Converting old farmhouses into modern places of habitation has become a rather popular trend in the UK over the last several years.
Converting old farmhouses into modern places of habitation has become a rather popular trend in the UK over the last several years. Lots of historical farms are getting modern upgrades through barn conversions and farm restructures. Architects Nathanael Dorent and Lily Jencks collaborated together in order to create “Ruins Studio,” which is a gorgeous little 18th century farmhouse that has stunning Scottish countryside views. Their work resulted in a clean, modern-looking residential structure that also ties in the elements of the structure’s past.
It’s no surprise to learn that both Dorent and Jencks won several design awards for their work on the farmhouse, as well as get shortlisted for the very prestigious RIAS/RIBA Award in Scotland.
The exterior of the house mixes elements of the existing structure’s stone base with a modern pitched roof in order to mimic the typical ones found on historical Scottish farmhouses.
“To build within the walls of a ruin enforces the idea that our contemporary occupation is just another layer to be added to the rich history that every site possesses,” wrote Jencks.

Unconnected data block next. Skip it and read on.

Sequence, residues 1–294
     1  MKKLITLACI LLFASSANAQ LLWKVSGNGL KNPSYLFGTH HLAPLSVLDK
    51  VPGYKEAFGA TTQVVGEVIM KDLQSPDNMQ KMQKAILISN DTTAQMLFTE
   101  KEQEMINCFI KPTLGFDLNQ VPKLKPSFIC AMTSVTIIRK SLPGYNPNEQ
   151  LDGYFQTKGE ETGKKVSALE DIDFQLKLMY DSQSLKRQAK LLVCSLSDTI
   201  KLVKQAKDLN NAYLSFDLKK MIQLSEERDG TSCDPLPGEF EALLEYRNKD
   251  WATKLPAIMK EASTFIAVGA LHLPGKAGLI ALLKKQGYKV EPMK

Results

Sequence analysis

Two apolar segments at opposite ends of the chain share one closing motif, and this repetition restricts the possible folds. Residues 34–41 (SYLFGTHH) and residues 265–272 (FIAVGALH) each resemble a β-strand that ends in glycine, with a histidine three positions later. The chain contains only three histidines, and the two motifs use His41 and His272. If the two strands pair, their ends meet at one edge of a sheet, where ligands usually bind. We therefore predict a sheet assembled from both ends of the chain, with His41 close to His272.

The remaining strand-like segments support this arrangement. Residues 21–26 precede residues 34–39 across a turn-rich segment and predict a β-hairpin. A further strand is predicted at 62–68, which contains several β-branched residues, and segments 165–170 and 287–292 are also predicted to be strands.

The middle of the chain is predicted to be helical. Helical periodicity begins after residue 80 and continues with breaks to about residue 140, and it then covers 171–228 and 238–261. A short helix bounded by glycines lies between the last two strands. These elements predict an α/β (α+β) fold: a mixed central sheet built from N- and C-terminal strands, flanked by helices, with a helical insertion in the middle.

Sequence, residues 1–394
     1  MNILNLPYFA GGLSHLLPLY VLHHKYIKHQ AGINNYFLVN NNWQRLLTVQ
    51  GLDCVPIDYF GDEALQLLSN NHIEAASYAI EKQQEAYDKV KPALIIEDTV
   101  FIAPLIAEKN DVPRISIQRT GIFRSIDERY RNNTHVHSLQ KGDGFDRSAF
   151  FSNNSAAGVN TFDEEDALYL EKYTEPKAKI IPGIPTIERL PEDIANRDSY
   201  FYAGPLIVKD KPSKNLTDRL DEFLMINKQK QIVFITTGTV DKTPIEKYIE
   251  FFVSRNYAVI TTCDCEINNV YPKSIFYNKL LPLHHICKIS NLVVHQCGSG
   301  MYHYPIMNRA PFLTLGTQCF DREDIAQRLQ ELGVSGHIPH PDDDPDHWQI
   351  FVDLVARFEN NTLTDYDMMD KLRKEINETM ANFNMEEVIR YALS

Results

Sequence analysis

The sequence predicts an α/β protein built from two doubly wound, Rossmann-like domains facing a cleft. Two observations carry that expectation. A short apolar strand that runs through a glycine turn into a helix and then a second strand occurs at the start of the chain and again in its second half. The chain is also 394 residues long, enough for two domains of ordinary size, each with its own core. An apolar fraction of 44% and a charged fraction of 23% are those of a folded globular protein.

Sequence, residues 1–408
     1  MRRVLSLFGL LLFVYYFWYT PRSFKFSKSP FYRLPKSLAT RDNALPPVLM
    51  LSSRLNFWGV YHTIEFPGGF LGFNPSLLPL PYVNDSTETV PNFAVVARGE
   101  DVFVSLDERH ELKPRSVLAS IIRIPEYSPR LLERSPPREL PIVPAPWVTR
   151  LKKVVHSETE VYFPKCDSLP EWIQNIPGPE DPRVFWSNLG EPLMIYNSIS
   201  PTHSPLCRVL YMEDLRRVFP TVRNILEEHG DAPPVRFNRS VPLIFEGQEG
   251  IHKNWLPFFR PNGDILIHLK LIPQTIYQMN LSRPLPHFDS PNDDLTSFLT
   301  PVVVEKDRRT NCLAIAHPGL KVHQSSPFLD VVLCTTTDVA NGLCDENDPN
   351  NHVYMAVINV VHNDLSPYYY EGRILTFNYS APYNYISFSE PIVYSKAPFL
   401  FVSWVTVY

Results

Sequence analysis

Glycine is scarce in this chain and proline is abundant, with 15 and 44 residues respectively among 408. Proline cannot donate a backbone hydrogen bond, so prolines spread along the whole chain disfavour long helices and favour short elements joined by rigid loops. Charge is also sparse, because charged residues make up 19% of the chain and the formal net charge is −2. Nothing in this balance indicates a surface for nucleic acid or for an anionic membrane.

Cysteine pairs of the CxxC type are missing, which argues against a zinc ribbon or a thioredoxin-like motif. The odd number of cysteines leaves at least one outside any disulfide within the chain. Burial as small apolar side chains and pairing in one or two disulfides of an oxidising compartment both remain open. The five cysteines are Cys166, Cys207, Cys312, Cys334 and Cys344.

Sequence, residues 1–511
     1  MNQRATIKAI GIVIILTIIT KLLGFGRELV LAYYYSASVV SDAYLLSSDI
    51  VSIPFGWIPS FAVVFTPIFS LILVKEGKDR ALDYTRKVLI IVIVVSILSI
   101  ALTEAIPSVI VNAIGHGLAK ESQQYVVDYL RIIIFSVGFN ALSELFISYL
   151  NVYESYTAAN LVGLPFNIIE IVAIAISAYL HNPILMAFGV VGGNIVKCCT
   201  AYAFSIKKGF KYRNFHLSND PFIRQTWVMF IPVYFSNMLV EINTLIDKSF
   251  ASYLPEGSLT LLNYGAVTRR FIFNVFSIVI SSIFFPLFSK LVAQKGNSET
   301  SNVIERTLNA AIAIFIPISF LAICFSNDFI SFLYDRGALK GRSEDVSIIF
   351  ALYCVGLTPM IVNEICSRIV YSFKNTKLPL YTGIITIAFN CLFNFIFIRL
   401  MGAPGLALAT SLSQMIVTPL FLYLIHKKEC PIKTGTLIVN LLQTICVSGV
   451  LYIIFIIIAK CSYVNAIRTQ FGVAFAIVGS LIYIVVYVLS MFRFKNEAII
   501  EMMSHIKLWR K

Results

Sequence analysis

By allowing history to flow throughout the structure, the modern finishes don’t look out of place. The interior then gets highlighted with a curvilinear “tube” system of walls, which embraces the stonewalls of a cave and the occupants inside. The interior is broken up by original stone masonry which helps to accent the different rooms – thus creating a historical feel.
“Openings in the existing ruins walls define the location for windows, which, in turn, form the curves of the interior shell,” Jencks explains. “Seen together these layers are like a geode, each one a surprising opposition to the layer that surrounds it, as if grown over time.”
The home also runs on solar power. It was designed to be self-sufficient because of its remote location. The large windows also allow the owners to enjoy the breathtaking views – which cover over 50 miles of pasture – as well as enjoy the chance to dwell within a piece of history.
Oh, my lord would I love to own a home like that. What do you think of the structure? Would you be happy to call this place home? Let us know!SKM: below-content placeholder